If one wants to see in microcosm what GOP fiscal policy of tax cuts and promised economic growth would actually do to America, look no farther than Kansas were unrestrained tax cuts of GOP voodoo economics have stunted economic growth and left the state struggling to pay its bills. Seeming oblivious to objective reality and unable to learn from past experience, the GOP and it's Tea Party lunatics continue to call for precisely the policies that have proved disastrous in Kansas. A piece in the Vox looks at the damage Gov. Sam Brownback (pictured above) and the GOP have wrought on Kansas. Here are highlights:
In 2012, Kansas governor Sam Brownback signed a massive tax cut into law, arguing that it would boost the state's economy. Eventually, he hoped to eliminate individual income taxes entirely. "Our place, Kansas, will show the path, the difficult path, for America to go in these troubled times," he said.
National conservative activists raved. Patrick Gleason of Americans for Tax Reform said Kansas was "the story of the next decade." The Cato Institute praised Brownback's "impressive" tax cuts and gave him an "A" on fiscal policy. And the Weekly Standard's Bill Kristol said that, if reelected, Brownback would be "a formidable presidential possibility."
Yet though Brownback is running for reelection this fall in a deep red state, he's trailed his Democratic challenger in 3 of the 4 most recent polls — and his marquee tax cut appears to be the main reason. Kansas is now hundreds of millions of dollars short in revenue collection, its job growth has lagged the rest of the nation, and Moody's has cut the state's bond rating. "Governor Brownback came in here with an agenda to reduce the size of government, reduce taxes, and create a great economic boom," says University of Kansas professor Burdett Loomis. "Now there's been a dramatic decline in revenues, no great increase in economic activity, and we've got red ink until the cows come home."
The bill's estimated price tag rose from about $105 million to $800 million, but Brownback kept supporting it anyway. "I'm gonna sign this bill, I'm excited about the prospects for it, and I'm very thankful for how God has blessed our state," he said.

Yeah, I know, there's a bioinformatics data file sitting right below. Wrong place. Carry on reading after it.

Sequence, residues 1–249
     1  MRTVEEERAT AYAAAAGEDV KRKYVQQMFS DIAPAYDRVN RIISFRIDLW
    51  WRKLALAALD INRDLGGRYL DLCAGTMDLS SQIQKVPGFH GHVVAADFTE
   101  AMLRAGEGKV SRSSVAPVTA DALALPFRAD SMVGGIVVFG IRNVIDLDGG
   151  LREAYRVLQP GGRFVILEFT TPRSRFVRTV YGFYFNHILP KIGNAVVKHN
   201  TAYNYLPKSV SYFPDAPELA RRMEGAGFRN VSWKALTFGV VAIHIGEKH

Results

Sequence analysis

Democrats, and some Republicans, weren't buying it. "It bankrupts the state within two years," said Rochelle Chronister, a former state GOP chair who helped organize moderate Republicans against Brownback's agenda. And the House Democratic leader, Paul Davis, laid down a marker. "There is no feasible way that private-sector growth can accommodate the price tag of this tax cut," he said. "Our $600 million surplus will become a $2.5 billion deficit within just five years." In return, Brownback's administration claimed the bill would create 23,000 jobs by 2020, and would lead 35,000 more people to move to Kansas.
[S]ome supply-side analysts, like economist Arthur Laffer, argued that increased economic growth would deliver more revenue that would help cushion this impact.
Yet it's now clear that the revenue shortfalls are much worse than expected. "State general fund revenue is down over $700 million from last year," Duane Goossen, a former state budget director, told me. "That's a bigger drop than the state had in the whole three years of the recession," he said — and it's a huge chunk of the state's $6 billion budget. Goossen added that the Kansas's surplus, which had been replenished since the recession, "is now being spent at an alarming, amazing rate."
The declining revenues have necessitated extensive cuts in state education funding, according to the Center on Budget and Policy Priorities. Moody's cut of the state's bond rating this May was another embarrassment. And the economic benefits Brownback promised haven't materialized either. Chris Ingraham wrote at Wonkblog that Kansas's job growth has lagged behind the rest of the country, "especially in the years following the first round of Brownback tax cuts."
Brownback's approval rating has plummeted — in a recent poll by PPP, his 33 percent was actually lower than Barack Obama's 34 percent approval. This is good news for state House Democratic leader Paul Davis, who announced his run for governor last September. "I'm profoundly troubled by the direction our state has been heading over the past three years," he said in his first campaign email. "The wealthiest and well connected have gotten all the breaks, and the Kansas economy feels broken." In the most recent poll of the race, Davis leads Brownback by 6 points.